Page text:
top of page

About The Cape Vulture

Cape Vulture  (Gyps coprotheres)

IUCN Red List Status: Vulnerable

Estimated Breeding Pairs in South Africa: 4500


The Cape Vulture is southern Africa’s only endemic vulture species. These vultures formerly bred in Swaziland, Zimbabwe and Namibia, but are now extinct in Swaziland, with only small, non-breeding populations remaining in Zimbabwe and Namibia.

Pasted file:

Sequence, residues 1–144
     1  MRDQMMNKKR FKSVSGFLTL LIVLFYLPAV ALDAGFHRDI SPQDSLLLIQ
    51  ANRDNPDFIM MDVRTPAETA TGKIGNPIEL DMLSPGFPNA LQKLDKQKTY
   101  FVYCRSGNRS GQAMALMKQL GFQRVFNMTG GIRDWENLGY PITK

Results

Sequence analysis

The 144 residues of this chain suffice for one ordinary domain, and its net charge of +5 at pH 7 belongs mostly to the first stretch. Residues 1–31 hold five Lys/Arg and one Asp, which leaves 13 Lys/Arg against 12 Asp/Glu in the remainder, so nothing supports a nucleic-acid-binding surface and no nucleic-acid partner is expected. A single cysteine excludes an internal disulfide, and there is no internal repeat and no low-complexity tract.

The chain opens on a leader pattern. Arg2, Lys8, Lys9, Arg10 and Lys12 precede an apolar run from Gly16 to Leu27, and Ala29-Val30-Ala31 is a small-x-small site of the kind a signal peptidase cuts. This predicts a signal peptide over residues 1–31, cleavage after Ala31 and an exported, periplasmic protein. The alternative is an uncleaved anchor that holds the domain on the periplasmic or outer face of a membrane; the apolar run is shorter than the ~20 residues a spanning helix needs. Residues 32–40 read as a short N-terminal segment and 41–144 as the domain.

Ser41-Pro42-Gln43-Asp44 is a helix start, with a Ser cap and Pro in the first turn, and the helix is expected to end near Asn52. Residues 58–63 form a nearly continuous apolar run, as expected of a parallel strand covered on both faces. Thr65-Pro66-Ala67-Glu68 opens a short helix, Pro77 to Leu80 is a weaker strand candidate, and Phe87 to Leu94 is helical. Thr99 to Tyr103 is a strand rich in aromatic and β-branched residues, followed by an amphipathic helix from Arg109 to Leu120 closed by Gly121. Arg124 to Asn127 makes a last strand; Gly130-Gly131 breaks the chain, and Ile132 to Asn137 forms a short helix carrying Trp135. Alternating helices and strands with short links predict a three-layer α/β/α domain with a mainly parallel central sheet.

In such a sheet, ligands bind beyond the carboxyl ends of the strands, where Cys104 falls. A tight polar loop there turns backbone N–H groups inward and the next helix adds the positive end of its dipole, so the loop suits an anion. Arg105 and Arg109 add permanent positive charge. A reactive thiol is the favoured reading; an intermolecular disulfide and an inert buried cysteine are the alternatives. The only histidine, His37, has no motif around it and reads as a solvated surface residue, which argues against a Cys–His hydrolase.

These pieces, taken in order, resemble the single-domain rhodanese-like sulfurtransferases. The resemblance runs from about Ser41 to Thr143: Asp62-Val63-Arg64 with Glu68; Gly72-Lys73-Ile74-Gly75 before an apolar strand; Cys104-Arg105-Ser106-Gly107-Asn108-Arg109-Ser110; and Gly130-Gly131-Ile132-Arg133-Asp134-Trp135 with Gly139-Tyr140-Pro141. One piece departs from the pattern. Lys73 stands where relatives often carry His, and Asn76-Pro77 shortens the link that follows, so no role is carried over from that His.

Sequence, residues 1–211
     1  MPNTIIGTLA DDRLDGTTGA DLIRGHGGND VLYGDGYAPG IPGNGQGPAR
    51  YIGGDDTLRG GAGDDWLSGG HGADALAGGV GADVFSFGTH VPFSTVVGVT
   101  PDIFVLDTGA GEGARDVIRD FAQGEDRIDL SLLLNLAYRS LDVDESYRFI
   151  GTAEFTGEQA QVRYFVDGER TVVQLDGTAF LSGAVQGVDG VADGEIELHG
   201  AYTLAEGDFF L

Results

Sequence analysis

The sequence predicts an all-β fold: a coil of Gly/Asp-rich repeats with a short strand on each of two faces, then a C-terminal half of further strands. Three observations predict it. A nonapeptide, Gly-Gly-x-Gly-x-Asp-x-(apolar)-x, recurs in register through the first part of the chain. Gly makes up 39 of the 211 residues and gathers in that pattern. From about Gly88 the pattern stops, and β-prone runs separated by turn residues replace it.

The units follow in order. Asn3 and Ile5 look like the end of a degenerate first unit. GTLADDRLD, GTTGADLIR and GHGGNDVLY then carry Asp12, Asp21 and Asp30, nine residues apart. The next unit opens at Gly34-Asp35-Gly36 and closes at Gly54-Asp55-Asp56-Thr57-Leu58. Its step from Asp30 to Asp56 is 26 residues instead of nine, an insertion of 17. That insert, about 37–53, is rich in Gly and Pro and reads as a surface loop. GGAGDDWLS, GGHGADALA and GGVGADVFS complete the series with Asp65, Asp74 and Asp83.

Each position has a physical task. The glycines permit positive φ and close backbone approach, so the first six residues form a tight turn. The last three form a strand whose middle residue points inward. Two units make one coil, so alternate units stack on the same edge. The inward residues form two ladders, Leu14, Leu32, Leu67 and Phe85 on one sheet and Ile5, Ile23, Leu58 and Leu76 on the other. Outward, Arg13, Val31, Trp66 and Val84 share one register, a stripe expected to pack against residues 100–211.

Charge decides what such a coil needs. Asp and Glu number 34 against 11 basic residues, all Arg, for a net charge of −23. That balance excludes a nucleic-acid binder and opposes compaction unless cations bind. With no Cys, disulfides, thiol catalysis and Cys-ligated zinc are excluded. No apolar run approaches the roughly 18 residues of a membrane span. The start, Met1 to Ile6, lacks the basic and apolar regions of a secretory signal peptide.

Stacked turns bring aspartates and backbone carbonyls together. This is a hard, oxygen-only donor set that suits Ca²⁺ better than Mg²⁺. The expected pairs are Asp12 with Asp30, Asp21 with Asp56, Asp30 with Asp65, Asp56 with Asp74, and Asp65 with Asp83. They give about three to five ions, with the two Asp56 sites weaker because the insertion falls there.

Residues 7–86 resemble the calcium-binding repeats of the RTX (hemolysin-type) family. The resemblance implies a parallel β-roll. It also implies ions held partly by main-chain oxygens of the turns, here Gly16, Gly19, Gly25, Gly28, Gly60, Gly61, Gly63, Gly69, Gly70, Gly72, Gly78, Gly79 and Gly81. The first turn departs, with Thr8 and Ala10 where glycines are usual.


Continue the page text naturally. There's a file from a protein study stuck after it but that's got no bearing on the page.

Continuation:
This species has a fairly large wingspan of up to 2.6m and typically weighs from 7 to 11 kg. They are distinguished by their bare blue-coloured necks and cream-coloured plumage with dark brown feathers. 


Cape Vultures have a potential lifespan of over 30 years. They are cliff dwellers and live in colonies with large, extended families. They are monogamous breeders and lay one egg per breeding season. It is estimated that there are 4,500 breeding pairs remaining in southern Africa, with about 20% of the total population residing in the Maloti-Drakensberg mountains.

bottom of page